Don feels the pain of Titans on trial

first_imgA Grafton junior who had gone off and completed a teaching degree at the University of Newcastle, Don broke all kinds of try-scoring records playing for the Ghosts in Group 2 before being picked up to play Intrust Super Cup with Burleigh in 2012.Those try-scoring exploits carried through to the top grade with the Bears and he was offered a ‘train and trial’ contract with the Gold Coast Titans.Right now across all 16 NRL clubs there are hopefuls busting their guts in the hardest training sessions of their lives hoping, like Don did, to show the coaching staff enough to be invited to become a permanent member of the NRL squad.At the Titans this year former Shark Pat Politoni, former Titans 20s forward Hayden Schwass, 25-year-old Tweed Heads lock Sam Saville and highly-regarded former Rooster Tyler Cornish are all mixing it with the likes of Jarryd Hayne, Konrad Hurrell and Ryan James endeavouring to prove their worth.In recent years Agnatius Paasi and Cameron Cullen have turned short-term contracts into NRL starts and Don knows all too well what this year’s crop are going through.”For me personally I was pretty nervous and I’m a pretty shy bloke when I first meet someone so I was just scared trying to talk to all the high profile players like ‘Birdy’ (Greg Bird), Luke Bailey, Jamal Idris and Dave Taylor,” Don said.”I was mainly petrified even trying to strike up a conversation with someone but you’ve just got to put in on the field each week and do your best and hopefully the coaches like you.”I remember when I was doing it as well you’re trying to impress and you’re getting here early and trying to do everything right.”They put in every session just like the senior guys so collectively it’s a group of men that’s trying to achieve as much as they can in the training time that we’ve got.”With places in both the top and second tier of his playing roster still to fill, Titans coach Neil Henry knows the value of inviting players in to fight for an opportunity in the big time.Politoni and Schwass were both key figures in Burleigh’s drought-breaking Intrust Super Cup title this year and with very little back-up for hooker Nathan Peats, Politoni especially shapes as a future Titan.”With the train and trial guys there’s certainly an opportunity for some of these players to step up and probably earn a full-time contract,” Henry said.”We’ll reserve our judgement there until we see how they go before Christmas and the trial period.”Pat Politoni had a good year at hooker and it’s a role that we need some depth in within the club.”Obviously ‘Peatsy’ wants to play 80 minutes so he’s been training quite well. Young Max King out of our 20s program has been working hard and Hayden Schwass who had a full year at Burleigh in the back row straight out of 20s has been working really well as a young player coming through.”He’s got a good motor and he plays big minutes. He played mostly 80 minutes on the edge although he’s got that versatility playing edge back row.”In 66 games across four seasons Don has now scored 40 tries in the NRL but is still pushing to become a permanent member of the 17 each week.For the first time in his career the 29-year-old played a Round 1 fixture in 2016 and featured in 22 of the Titans’ 25 games but still feels he has to prove himself throughout pre-season to be on the wing for the first game of the season in 2017.”Throughout my career I’ve never really had a spot cemented for the whole season so I’m not going to get ahead of myself,” Don said in the wake of David Mead, Josh Hoffman and Nene Macdonald all leaving the club in the off-season.”I know I’ve still got to compete hard to try and get a spot and hopefully I can do that through my pre-season form and throughout the trial games and start of the season.”There are a lot of guys there that can play those positions so it’s still going to be a tough pre-season and a lot of competition for spots.”last_img read more

Researchers Discover Wreck that Could Finally be Amelia Earhart Plane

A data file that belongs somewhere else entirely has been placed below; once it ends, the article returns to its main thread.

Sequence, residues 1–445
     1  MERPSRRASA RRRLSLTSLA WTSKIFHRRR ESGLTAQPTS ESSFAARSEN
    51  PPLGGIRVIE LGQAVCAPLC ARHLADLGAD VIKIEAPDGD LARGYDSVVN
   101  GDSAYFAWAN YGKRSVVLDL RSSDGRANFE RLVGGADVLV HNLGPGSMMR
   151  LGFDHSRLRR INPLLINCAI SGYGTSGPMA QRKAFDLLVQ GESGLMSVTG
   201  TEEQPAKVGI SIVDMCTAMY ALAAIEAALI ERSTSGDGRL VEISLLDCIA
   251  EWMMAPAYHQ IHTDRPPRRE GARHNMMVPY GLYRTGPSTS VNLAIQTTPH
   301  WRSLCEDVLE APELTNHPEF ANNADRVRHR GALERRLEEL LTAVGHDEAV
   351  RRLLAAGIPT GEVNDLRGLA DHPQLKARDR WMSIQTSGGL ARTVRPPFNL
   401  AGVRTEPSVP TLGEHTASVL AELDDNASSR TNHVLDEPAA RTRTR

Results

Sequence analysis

first_imgThe disappearance of famous pilot Amelia Earhart as she tried to circumnavigate the world in 1937 has obsessed many for years, with theories ranging from Earhart and her navigator dying on an island after they crashed in the ocean to being imprisoned by the Japanese military, suspected of spying. Now a group of researchers say they’ve found a wreck off Buka Island, Papua New Guinea, that could provide the longed-for answers.Divers from Project Blue Angel say they first located the wreckage in August 2018, and identified several characteristics of Earhart’s plane, most significantly a glass disc that could be a light lens from the plane.Amelia Earhart, Los Angeles, 1928 X5665 – 1926 “CIT-9 Safety Plane”Earhart and navigator Fred Noonan were last heard from on July 2, 1937, during the final stretch of the circumnavigation, stretching from Papua New Guinea to Howland Island in the Pacific.Earhart had left Oakland, California, on May 20, 1937, for Miami (with stops along the way), where she announced her intention was to circumnavigate the globe.Then they flew across South America, Africa, India, Southeast Asia, arriving at Lae in New Guinea on June 29, 1937. With 20,000 miles behind them, they had only 7,000 left to go over the Pacific Ocean.Amelia Earhart in Hawaii. Photo by Pacific Aviation Museum CC BY 2.0On July 2nd, Earhart and Noonan took off from Lae, planning to land on Howland Island.  A ship, the USCGC Itasca, was stationed at Howland Island to help Earhart navigate landing her plane.At 7:42 a.m., she radioed: “We must be on you, but cannot see you – but gas is running low. Have been unable to reach you by radio. We are flying at 1,000 feet”At 8:43 a.m., Earhart reported, “We are on the line 157 337. We will repeat this message. We will repeat this on 6210 kilocycles. Wait.” And a few moments later: “We are running on line north and south.”She was never heard from again.Diver examining the wreck. Photo Credit: Stephani Gordon, Open Boat FilmsThe searchers of Project Blue Angel took a different approach to solve the mystery. “The Buka Island wreck site was directly on Amelia and Fred’s flight path, and it is an area never searched following their disappearance,” said William Snavely, Project Blue Angel director, in a statement. “What we’ve found so far is consistent with the plane she flew.”Most of the searches have concentrated on the area of the ocean near Howland Island. But what if, worried about fuel running low and facing headwinds, she turned around?Buka Island from SpaceDivers from Papua New Guinea surveyed the site several times for Snavely. Last year Project Blue Angel divers personally investigated the site, about 100 feet below the ocean’s surface.“While the complete data is still under review by experts, initial reports indicate that a piece of glass raised from the wreckage shares some consistencies with a landing light on the Lockheed Electra 10,” explains the Project, in its statement.Buka Island. Photo courtesy Blue Angel Project (Stephani Gordon, Open Boat Films)“Amelia’s Electra had specific modifications done to it for this specific journey, and some of those unique modifications appear to be verified in the wreckage that’s been found,” added pilot and aerospace engineer Jill Meyers, who is Blue Angel’s publicity manager.According to Live Science, Snavely was following up on a story heard in the 1930s. “A little boy on a Papua New Guinean island saw a plane — its left wing engulfed in flames — crash onto the beach. The little boy told his elders, but they didn’t believe him.”The tide dragged the plane offshore and underwater, and it became covered with coral.Getty Images“We’re still exploring to try to find out whose plane it is. We don’t want to jump ahead and assume that it’s Amelia’s,” said  Snavely. “But everything that we’re seeing so far would tend to make us think it could be.”Read another story from us: Examining Claims that Bring Into Question Amelia Earhart’s Piloting SkillsThe glass discovered will be further analyzed.“It’s obviously glass that appears to be old and covered significantly with barnacles,” Snavely told Live Science. “It has a rough shape and diameter that appears to be relatively consistent with lights that were on the plane back in the 1930s for Lockheed. But we don’t know for sure if it’s a Lockheed light. That’s what we’re getting checked right now.”last_img read more